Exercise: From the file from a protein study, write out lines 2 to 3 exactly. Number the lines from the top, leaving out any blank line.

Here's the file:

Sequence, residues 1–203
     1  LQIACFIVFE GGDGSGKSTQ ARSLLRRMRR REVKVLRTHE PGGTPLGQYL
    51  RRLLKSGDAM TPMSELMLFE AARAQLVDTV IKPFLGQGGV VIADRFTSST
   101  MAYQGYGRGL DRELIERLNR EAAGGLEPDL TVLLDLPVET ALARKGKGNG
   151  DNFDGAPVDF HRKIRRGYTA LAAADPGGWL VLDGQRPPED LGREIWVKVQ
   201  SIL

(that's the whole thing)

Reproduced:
     1  LQIACFIVFE GGDGSGKSTQ ARSLLRRMRR REVKVLRTHE PGGTPLGQYL
    51  RRLLKSGDAM TPMSELMLFE AARAQLVDTV IKPFLGQGGV VIADRFTSST